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September 2018

Whois studies: it's time to ask the right questions

I remain skeptical of all the Whois studies that I’ve reviewed (FTC, SSAC, ICANN), including studies where I was a party to the research. I’ll apologize for failing to contribute to a satisfactory Whois study. I’ll also admit that my understanding of how to study a problem scientifically has greatly expanded over the past ten years.

A truly scientific Whois study should meet scientific must meet certain common criteria. The purpose should be clearly defined; in particular, the researchers or parties who commission the research should make certain that they are asking the right question.

Before I raise anyone’s brows or blood pressure, I’m not suggesting that these studies lacked rigor.

The researchers were asked to answer a question and they did.

I believe that the wrong question was studied.

The moment you ask, “Does public access to Whois-published data lead to a measurable degree of misuse?” or “Is the WHOIS Service a Source for email Addresses for Spammers?”, you’ve constrained the research scope too narrowly. You’ve also set up a strawman. There’s a difference between asking the wrong question and asking the right question but in the wrong way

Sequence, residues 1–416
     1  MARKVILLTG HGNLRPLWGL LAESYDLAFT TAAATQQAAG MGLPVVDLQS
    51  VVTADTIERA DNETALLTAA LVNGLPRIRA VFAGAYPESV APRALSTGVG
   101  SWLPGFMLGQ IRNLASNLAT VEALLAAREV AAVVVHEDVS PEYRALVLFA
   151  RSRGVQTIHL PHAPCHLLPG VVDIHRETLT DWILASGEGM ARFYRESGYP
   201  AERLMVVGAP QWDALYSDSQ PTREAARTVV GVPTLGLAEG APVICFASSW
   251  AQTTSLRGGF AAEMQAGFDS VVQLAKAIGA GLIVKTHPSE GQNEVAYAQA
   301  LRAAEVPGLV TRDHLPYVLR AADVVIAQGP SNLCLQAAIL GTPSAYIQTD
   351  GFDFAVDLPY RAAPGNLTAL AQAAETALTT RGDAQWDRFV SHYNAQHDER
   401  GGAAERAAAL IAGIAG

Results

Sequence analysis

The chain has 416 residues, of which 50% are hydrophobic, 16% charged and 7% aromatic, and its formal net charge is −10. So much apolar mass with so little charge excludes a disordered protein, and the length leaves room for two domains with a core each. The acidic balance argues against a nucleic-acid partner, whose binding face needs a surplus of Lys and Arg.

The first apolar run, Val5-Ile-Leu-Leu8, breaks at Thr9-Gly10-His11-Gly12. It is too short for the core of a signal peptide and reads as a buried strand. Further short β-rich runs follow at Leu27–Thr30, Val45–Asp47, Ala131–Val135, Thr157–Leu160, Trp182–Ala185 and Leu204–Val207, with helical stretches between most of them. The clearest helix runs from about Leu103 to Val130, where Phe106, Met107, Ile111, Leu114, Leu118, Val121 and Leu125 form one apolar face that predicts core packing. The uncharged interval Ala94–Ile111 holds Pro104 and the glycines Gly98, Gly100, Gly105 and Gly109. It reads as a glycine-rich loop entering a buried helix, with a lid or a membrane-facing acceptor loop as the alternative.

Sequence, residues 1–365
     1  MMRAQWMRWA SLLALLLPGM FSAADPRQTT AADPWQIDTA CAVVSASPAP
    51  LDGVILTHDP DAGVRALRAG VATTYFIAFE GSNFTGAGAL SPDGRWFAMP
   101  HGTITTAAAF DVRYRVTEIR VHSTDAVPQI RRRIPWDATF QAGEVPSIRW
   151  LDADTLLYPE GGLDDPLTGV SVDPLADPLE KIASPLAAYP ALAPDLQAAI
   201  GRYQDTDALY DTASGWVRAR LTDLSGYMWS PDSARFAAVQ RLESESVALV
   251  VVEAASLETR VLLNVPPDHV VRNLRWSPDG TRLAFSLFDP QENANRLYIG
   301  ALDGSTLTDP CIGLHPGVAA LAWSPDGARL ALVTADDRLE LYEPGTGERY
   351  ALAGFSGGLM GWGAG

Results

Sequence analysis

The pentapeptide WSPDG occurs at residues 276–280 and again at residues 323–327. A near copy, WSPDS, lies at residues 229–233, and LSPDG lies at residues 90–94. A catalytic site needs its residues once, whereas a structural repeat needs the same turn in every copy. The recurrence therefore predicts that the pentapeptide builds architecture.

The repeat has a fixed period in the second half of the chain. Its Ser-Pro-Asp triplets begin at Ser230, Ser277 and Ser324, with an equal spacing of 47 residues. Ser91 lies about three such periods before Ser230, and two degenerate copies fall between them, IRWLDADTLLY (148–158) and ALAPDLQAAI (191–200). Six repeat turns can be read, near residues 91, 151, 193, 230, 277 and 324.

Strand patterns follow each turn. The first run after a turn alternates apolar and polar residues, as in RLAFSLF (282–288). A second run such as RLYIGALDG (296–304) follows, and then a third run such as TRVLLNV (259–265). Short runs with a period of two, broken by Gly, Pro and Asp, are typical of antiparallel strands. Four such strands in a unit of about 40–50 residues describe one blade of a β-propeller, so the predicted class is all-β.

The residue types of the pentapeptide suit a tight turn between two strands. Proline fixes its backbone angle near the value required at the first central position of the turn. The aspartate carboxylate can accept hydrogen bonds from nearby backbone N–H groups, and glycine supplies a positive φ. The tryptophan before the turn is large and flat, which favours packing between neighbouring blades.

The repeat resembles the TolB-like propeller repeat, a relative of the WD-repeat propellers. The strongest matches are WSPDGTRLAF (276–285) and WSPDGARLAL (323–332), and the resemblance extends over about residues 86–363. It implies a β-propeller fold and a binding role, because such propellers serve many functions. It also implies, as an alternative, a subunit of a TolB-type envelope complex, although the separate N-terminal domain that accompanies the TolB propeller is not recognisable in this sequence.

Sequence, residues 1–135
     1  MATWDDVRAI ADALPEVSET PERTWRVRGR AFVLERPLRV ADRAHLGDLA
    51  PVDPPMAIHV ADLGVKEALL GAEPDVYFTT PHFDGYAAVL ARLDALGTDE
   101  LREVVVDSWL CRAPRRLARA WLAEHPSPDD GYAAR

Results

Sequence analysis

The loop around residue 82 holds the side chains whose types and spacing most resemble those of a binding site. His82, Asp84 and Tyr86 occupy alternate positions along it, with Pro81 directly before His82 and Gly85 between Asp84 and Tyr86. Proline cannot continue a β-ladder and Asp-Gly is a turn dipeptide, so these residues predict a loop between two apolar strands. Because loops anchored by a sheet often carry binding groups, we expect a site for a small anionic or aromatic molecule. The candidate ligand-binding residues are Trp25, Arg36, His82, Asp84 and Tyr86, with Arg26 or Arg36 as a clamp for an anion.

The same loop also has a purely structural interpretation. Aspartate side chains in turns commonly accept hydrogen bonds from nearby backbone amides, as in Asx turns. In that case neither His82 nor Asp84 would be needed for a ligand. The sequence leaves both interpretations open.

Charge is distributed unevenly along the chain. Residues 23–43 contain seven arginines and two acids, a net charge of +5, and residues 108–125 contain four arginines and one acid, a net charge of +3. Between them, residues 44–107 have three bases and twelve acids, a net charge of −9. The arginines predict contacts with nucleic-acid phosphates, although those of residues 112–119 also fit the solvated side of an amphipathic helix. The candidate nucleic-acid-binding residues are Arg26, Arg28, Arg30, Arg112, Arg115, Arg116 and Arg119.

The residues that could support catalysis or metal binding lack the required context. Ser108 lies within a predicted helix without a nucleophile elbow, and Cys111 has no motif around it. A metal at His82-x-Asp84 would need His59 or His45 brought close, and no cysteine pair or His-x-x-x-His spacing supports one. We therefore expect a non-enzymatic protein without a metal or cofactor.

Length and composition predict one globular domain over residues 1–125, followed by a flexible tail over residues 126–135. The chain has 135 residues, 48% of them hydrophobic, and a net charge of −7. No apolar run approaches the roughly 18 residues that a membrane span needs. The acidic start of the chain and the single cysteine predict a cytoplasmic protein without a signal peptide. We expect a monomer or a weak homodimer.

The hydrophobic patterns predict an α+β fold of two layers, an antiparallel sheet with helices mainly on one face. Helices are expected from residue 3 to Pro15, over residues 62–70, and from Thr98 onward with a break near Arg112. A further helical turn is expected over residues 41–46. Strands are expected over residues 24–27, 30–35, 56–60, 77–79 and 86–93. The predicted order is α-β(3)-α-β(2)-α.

These studies had different findings. They appear to have been conducted scientifically. The Whois-specific findings and conclusions do not provide a satisfactory comparative analysis of Whois personal data harvesting versus other methods of collecting personal data; in particular, they do not help us understand

How much of a threat is personal data harvesting using Whois relative to harvesting using other sources?

Why is this the relevant question? Databases that contain personal data are exposed to multiple threats. To better understand the personal data harvesting issue, we need to consider not one but many of the known personal data harvesting methods that are used by criminals or misused commercially. The study should compare a known set of methods of personal data collection and rank Whois among these. The list of methods that cybercriminals or commercial interests use to collect personal data might include:

  • Database breaches, e.g., an attack resulting in the theft or disclosure of tax records or filings, financial accounts, credit card accounts, merchant accounts, bank logins, corporate (HR, ERM, CRM) or government user accounts.
  • Crawling and Search, e.g., visiting hundreds of thousands of web sites and extracting email addresses or other personal data from the pages visited, and employing sophisticated or advanced searches across billions of publicly accessible pages that search engines index.